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    Author(s): Rebecca Flitcroft; Patrick Clinton; Kelly Christiansen
    Date: 2018
    Source: Journal of Coastal Conservation. 22(4): 745-753.
    Publication Series: Scientific Journal (JRNL)
    Station: Pacific Northwest Research Station
    PDF: Download Publication  (7.0 MB)


    In estuaries, land-surface and tidal elevation conspire to influence the amount of salt-water inundation in a specific location, ultimately affecting the distribution of estuary vegetation. Plants vary in their tolerances to salinity and inundation. Understanding even small changes in land-surface elevation at a site scale provides relevant information to managers seeking to design effective long-term restoration projects. Restoration of estuary habitats has been identified as a tool to mediate some anticipated effects of climate change, including flooding from sea-level rise, precipitation regimes, and storminess. Further, habitat restoration that is effective in the face of climate uncertainty is critical to the sustainable production of seafood and maintenance of ecosystem functions. We offer a simple method that links tidal elevations to upslope topography, allowing managers to determine where tidal inundation of upslope areas may occur. This method does not require complex modeling, rather we combine existing high accuracy tide-gage information with LiDAR imagery. However, we found that if LiDAR is not flown at low tide, or at consistent tidal heights, it poses significant challenges in the interpretation of tidal elevations. Where LiDAR is consistently collected at low tide, this method of linking the tidal datum to upslope topography is not data-intensive, and does not require long-term data collection. Along with locally specific information, the types of map products that can be developed using this method should identify places that may be potentially vulnerable to salt-water inundation, along with places that may be effective migration corridors for marshes and other habitats.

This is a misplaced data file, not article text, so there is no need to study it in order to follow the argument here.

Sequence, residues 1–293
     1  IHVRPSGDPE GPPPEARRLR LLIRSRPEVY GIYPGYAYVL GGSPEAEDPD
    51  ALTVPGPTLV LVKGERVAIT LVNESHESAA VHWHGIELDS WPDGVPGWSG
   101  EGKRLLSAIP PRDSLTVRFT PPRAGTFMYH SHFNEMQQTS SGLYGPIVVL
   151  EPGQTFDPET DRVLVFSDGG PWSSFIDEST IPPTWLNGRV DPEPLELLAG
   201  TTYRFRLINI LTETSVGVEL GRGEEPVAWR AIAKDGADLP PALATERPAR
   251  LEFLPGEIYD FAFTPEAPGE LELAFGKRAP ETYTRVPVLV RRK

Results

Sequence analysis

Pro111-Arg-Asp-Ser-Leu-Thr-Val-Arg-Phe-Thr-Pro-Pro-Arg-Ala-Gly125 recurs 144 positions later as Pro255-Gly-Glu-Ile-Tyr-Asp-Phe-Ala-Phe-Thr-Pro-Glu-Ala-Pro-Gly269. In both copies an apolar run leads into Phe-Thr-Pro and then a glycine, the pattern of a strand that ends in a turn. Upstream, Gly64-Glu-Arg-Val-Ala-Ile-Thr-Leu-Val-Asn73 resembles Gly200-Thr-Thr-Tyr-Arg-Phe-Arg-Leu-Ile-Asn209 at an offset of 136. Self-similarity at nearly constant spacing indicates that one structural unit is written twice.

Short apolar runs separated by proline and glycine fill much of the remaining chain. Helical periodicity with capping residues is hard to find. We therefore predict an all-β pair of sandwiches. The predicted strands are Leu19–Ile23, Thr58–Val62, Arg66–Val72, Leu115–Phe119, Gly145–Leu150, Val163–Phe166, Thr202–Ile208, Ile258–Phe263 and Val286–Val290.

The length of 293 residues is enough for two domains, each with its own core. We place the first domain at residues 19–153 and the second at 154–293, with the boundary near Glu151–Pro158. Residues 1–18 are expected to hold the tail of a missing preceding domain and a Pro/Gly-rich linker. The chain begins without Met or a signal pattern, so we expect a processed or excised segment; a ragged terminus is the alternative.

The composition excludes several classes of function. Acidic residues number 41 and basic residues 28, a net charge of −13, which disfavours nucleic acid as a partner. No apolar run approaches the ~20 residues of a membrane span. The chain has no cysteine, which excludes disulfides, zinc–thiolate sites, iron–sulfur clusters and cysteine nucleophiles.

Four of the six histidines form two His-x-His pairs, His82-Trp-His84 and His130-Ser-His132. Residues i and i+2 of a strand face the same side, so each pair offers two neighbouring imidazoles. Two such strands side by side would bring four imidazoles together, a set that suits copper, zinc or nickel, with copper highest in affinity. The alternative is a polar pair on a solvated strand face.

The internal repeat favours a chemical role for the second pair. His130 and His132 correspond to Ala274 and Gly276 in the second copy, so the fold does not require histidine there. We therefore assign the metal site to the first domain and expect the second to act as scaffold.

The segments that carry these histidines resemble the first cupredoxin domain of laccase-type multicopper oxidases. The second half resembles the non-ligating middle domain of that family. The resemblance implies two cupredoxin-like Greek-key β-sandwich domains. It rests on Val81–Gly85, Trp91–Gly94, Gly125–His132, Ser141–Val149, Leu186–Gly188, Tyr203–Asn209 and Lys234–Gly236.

Publication Notes

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    • This article was written and prepared by U.S. Government employees on official time, and is therefore in the public domain.


    Flitcroft, Rebecca; Clinton, Patrick; Christiansen, Kelly. 2018. Adding to the toolbox for tidal-inundation mapping in estuarine areas. Journal of Coastal Conservation. 22(4): 745-753.


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    Climate change, sea-level rise, tidal inundation, restoration, LiDAR, GIS.

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